A 13th-magnitude irregular galaxy (type IBm?) in Pegasus (RA 22 28 25.7, Dec +30 17 35)
Historical Identification: Per Dreyer, NGC 7292 (= GC 6056, Stephan list IV (#12), 1860 RA 22 21 59, NPD 60 25.4) is "extremely faint, small, oval, faint star involved".
Physical Information: Apparent size 2.1 by 1.6? arcmin

NGC 7293, the Helix Nebula
Discovered (September, 1823) by
Karl Ludwig Harding
A 7th-magnitude planetary nebula in Aquarius (RA 22 29 38.4, Dec -20 50 11)
Historical Identification: Per Dreyer, NGC 7293 (= GC 4795, Harding (4), 1860 RA 22 22 06, NPD 111 33.0) is "a remarkable object, pretty faint, very large, extended or binuclear (Auwers 48)".
Discovery Notes: "(Auwers 48)" refers to the fact that John Herschel became aware of Harding's discovery as a result of its entry in Auwers' catalog.
Physical Information: At less than 500 light years' distance, the Helix Nebula has the largest apparent size of any planetary nebula, its brighter central region covering nearly 20 arcmin, and its faint outer halo extending another 5 arcmin to the northeast. Because of its size, its light is spread out (and correspondingly faint), and it went unnoticed by both Herschels; but with modern telescopes and CCD cameras it is easy to detect, and is considered one of the finest objects for amateur observers.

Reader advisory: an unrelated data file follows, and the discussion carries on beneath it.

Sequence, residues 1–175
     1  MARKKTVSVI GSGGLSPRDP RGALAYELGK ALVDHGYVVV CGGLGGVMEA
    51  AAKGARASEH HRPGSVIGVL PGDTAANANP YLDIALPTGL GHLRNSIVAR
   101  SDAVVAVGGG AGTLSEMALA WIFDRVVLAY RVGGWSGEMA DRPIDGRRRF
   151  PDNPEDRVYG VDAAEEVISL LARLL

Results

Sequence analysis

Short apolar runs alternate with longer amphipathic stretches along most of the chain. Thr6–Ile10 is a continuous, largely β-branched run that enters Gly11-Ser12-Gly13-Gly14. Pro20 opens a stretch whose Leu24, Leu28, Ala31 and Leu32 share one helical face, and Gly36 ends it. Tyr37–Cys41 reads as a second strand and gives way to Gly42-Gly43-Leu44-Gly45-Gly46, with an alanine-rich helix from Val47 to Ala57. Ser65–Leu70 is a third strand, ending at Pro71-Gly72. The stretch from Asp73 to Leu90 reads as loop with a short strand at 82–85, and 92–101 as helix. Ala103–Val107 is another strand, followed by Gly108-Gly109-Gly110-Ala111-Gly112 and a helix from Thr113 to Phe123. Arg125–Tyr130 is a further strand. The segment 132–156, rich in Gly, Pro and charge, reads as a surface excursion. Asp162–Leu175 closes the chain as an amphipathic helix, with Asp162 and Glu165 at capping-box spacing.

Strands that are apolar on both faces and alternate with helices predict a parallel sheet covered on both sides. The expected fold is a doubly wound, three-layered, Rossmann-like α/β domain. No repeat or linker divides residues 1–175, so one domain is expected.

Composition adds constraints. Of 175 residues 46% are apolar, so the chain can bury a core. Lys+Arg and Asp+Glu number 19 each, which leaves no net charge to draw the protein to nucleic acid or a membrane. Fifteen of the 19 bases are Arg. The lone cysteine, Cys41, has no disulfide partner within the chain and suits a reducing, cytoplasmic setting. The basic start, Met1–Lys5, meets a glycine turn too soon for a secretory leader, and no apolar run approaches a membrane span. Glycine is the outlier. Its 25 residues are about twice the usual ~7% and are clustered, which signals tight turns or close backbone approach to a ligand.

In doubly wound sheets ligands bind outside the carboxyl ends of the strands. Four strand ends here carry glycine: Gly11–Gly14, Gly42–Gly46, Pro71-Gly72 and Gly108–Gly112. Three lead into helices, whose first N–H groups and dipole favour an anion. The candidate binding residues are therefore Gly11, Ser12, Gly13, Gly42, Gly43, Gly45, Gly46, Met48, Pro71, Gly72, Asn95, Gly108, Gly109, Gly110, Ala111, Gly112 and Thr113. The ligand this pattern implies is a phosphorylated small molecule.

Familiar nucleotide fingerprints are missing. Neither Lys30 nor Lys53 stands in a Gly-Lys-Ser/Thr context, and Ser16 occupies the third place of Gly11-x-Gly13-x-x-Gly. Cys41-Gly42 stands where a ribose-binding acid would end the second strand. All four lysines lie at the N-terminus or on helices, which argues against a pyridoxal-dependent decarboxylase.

DSS image of planetary nebula NGC 7293, the Helix Nebula
Above, a 30 arcmin wide DSS image of the Helix Nebula shows its faint outer structure
Below, a 17 arcmin wide image of the nebula (Image Credit Adam Block/NOAO/AURA/NSF )
NOAO image of planetary nebula NGC 7293, the Helix Nebula
Below, a ? arcmin wide HST image of the entire nebula
(Image Credit NASA, NOAO, ESA, the Hubble Helix Nebula Team, M. Meixner (STScI), and T.A. Rector (NRAO))
HST image of planetary nebula NGC 7293, the Helix Nebula
Below, a ? arcmin wide portion of the image above highlights comet-like radial structures
HST closeup of central portion of planetary nebula NGC 7293, the Helix Nebula
Below, a ? arcmin wide infrared image of the nebula
(Image Credit NASA/JPL-Caltech/K. Su (Univ. of Arizona)/Spitzer)
Spitzer Space Telescope infrared image of planetary nebula NGC 7293, the Helix Nebula
Below, a ? arcmin wide composite of visual and infrared images of the Helix Nebula
(Image Credit NASA/JPL-Caltech/ESA/J. Hora (Harvard-Smithsonian CfA), C.R. O'Dell (Vanderbilt University))
Composite of HST visual image and Spitzer Space Telescope infrared image of planetary nebula NGC 7293, the Helix Nebula